Star Trek 177: The Most Toys

177. The Most Toys

FORMULA: The Tholian Web + Plato's Stepchildren + Requiem for Methuselah

WHY WE LIKE IT: Kivas Fajo is a nasty, memorable villain. The crew's reaction to Data's death. The startling conclusion.

WHY WE DON'T: Fajo's plan requires total suspension of disbelief.

REVIEW: I own a book called The New Trek Guide, and it has very brief reviews of every TNG episode along with a choice of great lines and technobabble, info about aliens, various funny bits, etc. Now, I like to glance at this thing to see if my opinion differs from the authors' (who also penned the excellent Discontinuity Guide for Dr. Who). They call The Most Toys "a rather ordinary comedy episode", which tells me that, in this case at least, they completely missed the point.

The Most Toys is most definitely a drama and a strong Data episode. Saul Rubinek does a fairly good job with Kivas Fajo, a bit over the top, but only in the way an eccentric, amoral billionaire might be. He's cruel, petty, nasty, and uses his intelligence only to devise ways to possess others. Data's point to Varria that Fajo has them both is a strong incentive for her to later help the android escape. Data fights his captor in every possible way, only staying his hand when it would cost the life of others. When Data realizes at the end that Fajo will keep killing, he makes a choice that goes beyond his programming, and is about to kill Fajo when he's beamed to safety. This is a shocking moment made even more shocking when Data then lies about it to Riker. And does he then go see Fajo to gloat? Data really does seem on the edge of his humanity here. Powerful, and very ambiguous, stuff.

Back on the ship, the reactions to Data's apparent death are uniformly excellent. As Picard says, for someone who had no feelings, he certainly ellicited them from his crewmates. Ending that scene with a quote from Shakespeare's Hamlet scores big points from me. Worf having to fill another dead crewmember's shoes is addressed as well. Not quite a funeral scene, but a greater variety of scenes that avoid this cliché. Also of note: Some pretty cool effects, like the destruction of the shuttle and Fajo's eye-popping force field.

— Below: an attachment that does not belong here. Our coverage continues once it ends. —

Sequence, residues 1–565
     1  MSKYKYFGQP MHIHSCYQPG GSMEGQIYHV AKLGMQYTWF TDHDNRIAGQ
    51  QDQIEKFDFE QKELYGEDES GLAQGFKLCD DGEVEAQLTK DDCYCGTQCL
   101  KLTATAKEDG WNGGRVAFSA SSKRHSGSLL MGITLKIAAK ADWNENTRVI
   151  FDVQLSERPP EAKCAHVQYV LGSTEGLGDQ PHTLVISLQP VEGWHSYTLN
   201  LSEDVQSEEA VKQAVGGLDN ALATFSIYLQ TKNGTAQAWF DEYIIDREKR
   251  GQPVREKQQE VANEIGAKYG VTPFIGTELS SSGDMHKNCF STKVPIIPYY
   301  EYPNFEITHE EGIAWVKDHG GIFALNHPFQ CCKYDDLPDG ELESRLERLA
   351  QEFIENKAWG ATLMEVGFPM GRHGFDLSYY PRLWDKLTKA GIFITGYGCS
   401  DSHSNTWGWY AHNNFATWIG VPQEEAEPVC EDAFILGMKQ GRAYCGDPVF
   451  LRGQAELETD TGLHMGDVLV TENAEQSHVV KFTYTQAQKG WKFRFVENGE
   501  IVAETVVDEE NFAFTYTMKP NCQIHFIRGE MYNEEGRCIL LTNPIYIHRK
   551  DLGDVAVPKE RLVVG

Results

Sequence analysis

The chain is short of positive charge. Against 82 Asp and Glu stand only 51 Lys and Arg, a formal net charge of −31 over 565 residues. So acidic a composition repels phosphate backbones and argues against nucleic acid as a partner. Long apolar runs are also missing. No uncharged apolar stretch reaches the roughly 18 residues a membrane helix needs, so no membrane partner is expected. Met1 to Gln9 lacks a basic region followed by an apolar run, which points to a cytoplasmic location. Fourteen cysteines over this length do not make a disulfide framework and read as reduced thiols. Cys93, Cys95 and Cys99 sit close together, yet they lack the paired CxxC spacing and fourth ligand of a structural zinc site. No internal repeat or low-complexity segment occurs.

Of course, the episode is far from perfect when it comes to the premise itself. Fajo's plan seems entirely too complex, and yet avoids one central question: How did he know Data would fly the shuttlepod? In fact, they don't address why he would even pilot it. But accept it, we must. I'm not that keen on the Fajo's collection either, even if that is a minor point. It seems incredibly humano-centric to me (or was that just for Data's benefit or as part of a theme?). And another baseball reference? Keep it for Deep Space 9, please!

LESSON: Collecting is evil. (Oh, no!)

REWATCHABILITY - High: If you're a Data fan, I can't guarantee you'll be as much of one after The Most Toys, but it's a must-see. Adds a level of complexity to the character, with a nasty bad guy to chew up the screen.

1 comments:

omne51 said...

I couldn't agree more with your review of this episode. I am a huge Data fan, and I was stunned not only when he chose to kill the protagonist, but lied about it to Riker and then went to rub it in the villain's face.

This episode made Data more human than he had been. This is one of my favorite episodes (the one where Picard lives out an entire lifetime as a member of another world and is rewarded with the flute at the end is #1 in my book, and I love how they make references back to that episode as the series advances).

 

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